Build a small waterfall is you desire the natural look. For fountains, there are all sorts of styles from which to choose. At the opposite pole from the "natural look" are the striking ceramic garden fountains. A compromise style between natural and jazzy can be found in stone fountains.
The nice thing about devoting a space specifically to relaxing is that it forces you to focus on what you want -- not some idea of "the way you're supposed to landscape" based on a TV show, not what the neighbors find pretty. You can even take a crack at creating a fantasy landscape if that's what you want.
At the very least, this is your special space, where you can dabble in a theme garden (which is basically just a garden where all the components revolve around a certain theme). Some examples:
- Moon Garden
- Tropical Flowers
- Fragrant Flowers
- Woodland Gardens
- Beach Theme
- Rock Garden
- Cottage Garden
The main rule: Remember it's your relaxing space. If you prefer Harry Potter dolls to fragrant plants, that's your business!
No surprise that one of the hallmarks of effective backyard landscaping is the provision for adequate privacy. Privacy screening is essential for a meditation garden. It's a nice complement to a swimming pool or outdoor dining area, as well.
Privacy screens can assume a number of different forms. When you hear "privacy fence," don't restrict your choices by thinking literally of only hardscape structures, such as wood fences. Plants can also be used for screening.
Using bamboo plants is an idea that would be especially appropriate for a meditation garden with a tropical theme. But any tall hedge can be just as effective. Homeowners often choose evergreen shrubs for privacy, since they will provide screening year-round.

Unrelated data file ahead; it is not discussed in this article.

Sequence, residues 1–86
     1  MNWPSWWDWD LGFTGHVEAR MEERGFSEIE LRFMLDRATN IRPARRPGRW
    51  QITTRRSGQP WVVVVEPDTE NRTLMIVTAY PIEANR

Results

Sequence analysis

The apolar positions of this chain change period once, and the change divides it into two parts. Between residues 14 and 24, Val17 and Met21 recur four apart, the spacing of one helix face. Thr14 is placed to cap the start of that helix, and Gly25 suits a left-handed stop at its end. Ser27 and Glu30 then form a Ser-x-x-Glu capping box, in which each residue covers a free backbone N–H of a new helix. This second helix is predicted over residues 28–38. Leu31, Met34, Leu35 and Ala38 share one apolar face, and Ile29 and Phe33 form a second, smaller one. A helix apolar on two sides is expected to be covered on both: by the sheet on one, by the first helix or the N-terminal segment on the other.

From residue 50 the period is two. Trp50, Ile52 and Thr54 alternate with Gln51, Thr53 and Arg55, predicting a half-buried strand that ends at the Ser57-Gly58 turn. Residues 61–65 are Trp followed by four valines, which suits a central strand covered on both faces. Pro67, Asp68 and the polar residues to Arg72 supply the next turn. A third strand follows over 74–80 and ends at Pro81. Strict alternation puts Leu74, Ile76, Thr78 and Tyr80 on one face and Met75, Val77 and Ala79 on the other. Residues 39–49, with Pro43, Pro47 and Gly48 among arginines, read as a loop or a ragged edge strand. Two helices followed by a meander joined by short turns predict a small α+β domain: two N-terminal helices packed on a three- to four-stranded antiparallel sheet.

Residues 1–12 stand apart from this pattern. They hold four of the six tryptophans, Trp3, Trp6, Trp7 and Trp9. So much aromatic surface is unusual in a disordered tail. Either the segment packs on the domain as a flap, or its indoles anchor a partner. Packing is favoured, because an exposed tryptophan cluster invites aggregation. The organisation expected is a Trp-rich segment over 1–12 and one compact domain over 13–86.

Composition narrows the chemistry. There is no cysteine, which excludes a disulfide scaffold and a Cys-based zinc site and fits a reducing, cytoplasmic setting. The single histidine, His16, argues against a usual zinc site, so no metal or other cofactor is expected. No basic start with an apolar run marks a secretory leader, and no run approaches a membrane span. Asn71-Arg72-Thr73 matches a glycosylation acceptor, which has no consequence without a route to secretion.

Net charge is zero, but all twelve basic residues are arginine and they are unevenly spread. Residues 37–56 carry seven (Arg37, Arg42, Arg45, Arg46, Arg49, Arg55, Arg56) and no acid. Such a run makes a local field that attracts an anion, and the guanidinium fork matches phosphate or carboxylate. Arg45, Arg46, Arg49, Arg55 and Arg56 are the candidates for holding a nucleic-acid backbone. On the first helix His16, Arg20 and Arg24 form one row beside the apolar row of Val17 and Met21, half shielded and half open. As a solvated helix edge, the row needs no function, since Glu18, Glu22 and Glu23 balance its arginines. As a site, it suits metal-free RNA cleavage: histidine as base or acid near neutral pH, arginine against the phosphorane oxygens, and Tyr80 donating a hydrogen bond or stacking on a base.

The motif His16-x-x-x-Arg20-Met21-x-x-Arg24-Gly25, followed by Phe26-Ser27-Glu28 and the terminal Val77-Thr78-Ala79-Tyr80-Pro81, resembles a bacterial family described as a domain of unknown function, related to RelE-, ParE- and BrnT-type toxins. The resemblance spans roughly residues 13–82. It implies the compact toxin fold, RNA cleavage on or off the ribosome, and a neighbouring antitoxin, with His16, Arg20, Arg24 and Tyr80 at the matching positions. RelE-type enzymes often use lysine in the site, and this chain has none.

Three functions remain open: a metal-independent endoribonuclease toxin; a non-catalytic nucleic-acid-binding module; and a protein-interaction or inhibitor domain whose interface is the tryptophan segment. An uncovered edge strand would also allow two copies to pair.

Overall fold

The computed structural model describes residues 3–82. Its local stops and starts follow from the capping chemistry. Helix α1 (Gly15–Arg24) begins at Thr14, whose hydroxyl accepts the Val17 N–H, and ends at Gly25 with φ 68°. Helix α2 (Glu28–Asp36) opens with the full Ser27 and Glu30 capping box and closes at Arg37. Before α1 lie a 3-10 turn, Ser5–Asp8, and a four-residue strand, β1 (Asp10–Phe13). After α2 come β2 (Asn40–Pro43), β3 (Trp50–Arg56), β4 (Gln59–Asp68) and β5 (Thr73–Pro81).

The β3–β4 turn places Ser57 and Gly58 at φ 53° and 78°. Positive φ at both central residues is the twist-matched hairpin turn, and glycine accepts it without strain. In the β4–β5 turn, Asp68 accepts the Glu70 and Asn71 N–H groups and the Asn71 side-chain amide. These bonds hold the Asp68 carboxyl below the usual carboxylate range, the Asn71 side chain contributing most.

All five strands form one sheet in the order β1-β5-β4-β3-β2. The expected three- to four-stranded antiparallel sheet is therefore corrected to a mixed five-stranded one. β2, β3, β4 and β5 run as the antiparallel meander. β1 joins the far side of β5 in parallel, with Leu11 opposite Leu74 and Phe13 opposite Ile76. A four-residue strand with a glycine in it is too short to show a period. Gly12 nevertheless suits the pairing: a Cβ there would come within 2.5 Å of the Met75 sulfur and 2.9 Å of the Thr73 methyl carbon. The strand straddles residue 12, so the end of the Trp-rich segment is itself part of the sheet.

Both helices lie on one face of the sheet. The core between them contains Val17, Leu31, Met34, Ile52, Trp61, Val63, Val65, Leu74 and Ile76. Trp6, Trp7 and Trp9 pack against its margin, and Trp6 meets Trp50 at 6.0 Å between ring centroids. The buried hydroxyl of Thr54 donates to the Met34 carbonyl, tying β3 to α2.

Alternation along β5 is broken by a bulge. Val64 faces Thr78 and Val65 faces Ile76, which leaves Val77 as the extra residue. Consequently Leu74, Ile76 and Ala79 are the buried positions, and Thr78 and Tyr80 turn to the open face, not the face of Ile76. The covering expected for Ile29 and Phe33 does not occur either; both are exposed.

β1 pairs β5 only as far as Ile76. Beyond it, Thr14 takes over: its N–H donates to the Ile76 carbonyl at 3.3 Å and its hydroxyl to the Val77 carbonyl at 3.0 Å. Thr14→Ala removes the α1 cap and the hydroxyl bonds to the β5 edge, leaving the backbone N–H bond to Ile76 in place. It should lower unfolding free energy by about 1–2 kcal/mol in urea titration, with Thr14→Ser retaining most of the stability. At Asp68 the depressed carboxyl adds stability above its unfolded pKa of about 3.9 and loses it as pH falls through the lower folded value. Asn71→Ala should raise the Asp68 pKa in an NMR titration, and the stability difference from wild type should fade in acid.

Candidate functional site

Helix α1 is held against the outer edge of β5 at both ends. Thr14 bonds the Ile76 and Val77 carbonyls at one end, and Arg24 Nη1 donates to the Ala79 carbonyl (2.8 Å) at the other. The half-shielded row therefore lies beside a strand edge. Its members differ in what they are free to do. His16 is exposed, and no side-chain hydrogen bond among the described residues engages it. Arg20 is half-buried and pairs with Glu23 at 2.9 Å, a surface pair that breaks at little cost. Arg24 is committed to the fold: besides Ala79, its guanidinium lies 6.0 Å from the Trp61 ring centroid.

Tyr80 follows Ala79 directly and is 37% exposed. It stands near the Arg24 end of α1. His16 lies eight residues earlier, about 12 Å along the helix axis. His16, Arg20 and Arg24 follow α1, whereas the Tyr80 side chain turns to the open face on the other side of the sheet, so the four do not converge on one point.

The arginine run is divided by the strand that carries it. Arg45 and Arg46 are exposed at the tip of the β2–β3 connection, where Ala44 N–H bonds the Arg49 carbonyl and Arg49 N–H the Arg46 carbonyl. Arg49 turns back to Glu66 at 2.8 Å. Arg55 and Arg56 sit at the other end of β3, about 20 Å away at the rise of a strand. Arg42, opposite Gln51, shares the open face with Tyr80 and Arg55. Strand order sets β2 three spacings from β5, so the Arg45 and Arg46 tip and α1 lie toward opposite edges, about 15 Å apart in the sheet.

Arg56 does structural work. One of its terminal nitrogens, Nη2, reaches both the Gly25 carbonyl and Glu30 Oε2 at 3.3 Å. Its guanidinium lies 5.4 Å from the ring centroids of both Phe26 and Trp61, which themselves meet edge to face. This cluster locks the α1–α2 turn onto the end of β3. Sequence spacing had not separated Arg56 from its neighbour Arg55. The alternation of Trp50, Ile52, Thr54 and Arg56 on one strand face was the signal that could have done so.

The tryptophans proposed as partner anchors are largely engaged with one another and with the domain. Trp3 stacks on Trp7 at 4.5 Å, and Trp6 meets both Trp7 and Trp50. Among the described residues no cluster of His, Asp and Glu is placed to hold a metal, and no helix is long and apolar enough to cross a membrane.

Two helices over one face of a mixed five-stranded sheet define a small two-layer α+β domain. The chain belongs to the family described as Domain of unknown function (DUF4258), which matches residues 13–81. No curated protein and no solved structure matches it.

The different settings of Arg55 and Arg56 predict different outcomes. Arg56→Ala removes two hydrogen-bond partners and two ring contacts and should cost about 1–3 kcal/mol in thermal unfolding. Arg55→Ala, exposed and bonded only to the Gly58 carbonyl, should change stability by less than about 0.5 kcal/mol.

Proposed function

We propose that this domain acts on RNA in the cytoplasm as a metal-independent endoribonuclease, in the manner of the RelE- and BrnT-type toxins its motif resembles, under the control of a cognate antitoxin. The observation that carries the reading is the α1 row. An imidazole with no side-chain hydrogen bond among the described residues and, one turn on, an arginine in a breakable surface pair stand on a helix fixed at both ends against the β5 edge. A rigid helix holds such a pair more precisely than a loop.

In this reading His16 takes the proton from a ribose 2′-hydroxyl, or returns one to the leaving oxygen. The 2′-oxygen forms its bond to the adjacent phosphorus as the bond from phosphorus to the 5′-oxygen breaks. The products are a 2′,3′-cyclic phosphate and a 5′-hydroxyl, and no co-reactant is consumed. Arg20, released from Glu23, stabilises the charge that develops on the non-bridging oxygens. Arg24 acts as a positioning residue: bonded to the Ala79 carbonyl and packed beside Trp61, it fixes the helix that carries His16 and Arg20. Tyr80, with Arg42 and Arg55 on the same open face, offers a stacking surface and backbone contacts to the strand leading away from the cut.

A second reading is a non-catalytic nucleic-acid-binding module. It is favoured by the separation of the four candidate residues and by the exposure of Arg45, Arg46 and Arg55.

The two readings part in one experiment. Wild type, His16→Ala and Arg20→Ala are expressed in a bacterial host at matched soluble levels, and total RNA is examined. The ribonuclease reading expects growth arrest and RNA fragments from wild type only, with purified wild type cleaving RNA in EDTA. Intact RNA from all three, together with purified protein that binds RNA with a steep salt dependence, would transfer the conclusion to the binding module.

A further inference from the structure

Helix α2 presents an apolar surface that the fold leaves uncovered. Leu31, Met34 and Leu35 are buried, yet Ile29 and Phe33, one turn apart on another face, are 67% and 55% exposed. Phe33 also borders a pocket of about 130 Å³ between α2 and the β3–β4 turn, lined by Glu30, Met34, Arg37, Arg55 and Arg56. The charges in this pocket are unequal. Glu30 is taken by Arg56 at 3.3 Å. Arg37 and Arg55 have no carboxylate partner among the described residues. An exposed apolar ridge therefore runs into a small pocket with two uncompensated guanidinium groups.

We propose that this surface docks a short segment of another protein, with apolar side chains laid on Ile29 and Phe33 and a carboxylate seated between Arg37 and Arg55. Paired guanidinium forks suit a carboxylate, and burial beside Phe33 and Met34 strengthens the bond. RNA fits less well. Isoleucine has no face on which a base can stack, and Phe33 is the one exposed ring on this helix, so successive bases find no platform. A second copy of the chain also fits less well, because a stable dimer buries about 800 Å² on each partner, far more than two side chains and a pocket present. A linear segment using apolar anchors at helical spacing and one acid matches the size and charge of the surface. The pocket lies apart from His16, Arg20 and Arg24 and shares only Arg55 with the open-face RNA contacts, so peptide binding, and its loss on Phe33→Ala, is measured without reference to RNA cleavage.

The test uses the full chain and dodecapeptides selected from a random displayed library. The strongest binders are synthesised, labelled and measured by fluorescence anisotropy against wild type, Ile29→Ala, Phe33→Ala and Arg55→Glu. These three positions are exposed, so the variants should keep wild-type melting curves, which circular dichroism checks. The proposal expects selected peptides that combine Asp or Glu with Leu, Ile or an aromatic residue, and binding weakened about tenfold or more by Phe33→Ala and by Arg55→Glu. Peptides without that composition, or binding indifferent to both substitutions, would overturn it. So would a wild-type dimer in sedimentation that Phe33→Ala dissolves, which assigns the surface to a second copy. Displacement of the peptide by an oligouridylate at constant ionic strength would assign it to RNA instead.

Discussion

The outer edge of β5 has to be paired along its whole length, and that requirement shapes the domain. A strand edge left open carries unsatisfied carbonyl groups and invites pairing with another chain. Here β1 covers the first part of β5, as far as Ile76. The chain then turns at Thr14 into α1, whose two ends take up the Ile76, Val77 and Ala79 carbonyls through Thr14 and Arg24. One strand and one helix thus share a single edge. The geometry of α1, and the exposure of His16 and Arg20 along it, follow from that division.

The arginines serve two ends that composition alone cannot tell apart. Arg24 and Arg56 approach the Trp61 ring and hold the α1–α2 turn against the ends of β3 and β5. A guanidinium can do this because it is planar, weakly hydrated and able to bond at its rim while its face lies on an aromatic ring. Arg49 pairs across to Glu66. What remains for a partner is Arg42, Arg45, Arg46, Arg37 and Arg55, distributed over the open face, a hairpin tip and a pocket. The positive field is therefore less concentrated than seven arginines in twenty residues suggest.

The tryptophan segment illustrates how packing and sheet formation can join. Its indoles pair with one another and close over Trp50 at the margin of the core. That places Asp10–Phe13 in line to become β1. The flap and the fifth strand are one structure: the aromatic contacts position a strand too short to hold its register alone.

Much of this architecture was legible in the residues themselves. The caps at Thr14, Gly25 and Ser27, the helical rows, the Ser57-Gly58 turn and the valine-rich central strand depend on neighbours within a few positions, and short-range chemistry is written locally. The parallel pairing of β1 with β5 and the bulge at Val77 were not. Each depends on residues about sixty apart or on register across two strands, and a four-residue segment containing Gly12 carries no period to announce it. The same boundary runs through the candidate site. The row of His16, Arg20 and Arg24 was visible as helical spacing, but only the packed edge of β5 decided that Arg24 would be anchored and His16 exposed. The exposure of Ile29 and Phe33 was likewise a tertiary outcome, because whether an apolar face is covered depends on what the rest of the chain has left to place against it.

A backyard landscaping design is more informal than its front-yard counterpart, where elaborate walkways are common. But regardless of whether it's to wend your way between flower beds or vegetable gardens, or to traverse your green grass, you'll probably want to have some sort of informal path cutting through the area. A path of garden stepping stones may be just the right solution.
Don't be intimidated by the thought of mixing concrete: It's not bad, once you get used to it.
Many of us are confronted with finding solutions to problem areas out back. You may have an area overrun by weeds and/or invasive plants, for example. No sooner do you get the area cleaned up than, Bam! the nasty plants return. This problem calls for the adoption of proper weed-control techniques.
Or perhaps there's some soggy land out there that you never know what to do with. Planting native wetland plants could be the answer here.
Another common problem area is the steep slope. If you don't terrace it or build a deck over it, the prospect of lawn mowing in such a dangerous spot raises its ugly head. The solution: Plant a ground cover over the offending area, instead.
Will young children be spending a lot of time out back? Build a sandbox for them and let them while away the hours!
Short of providing specific play areas for your children, you'll need to take some precautions to keep them safe. Yard safety tips are too numerous for me to furnish an adequate list, but I'll at least mention the need to be aware of some of the poisonous plants out there.
12. Pets and Pests
You have to make certain allowances for any "furry children" with whom you'll be sharing this space. Consult my resources on dogs damaging, leaving yards if your pets are of the canine persuasion. Included in those resources is a list of some plants poisonous to dogs.
If you share the space with cats, why not grow some catnip plants for your cats' enjoyment? You'll get just as much pleasure from watching them carry on in the catnip patch as they'll get -- maybe more!
To dissuade unwanted strays from traipsing through your property, consult my tips on:
The Scarecrow Sprinkler (pictured at left) will scare away many garden pests without harming them.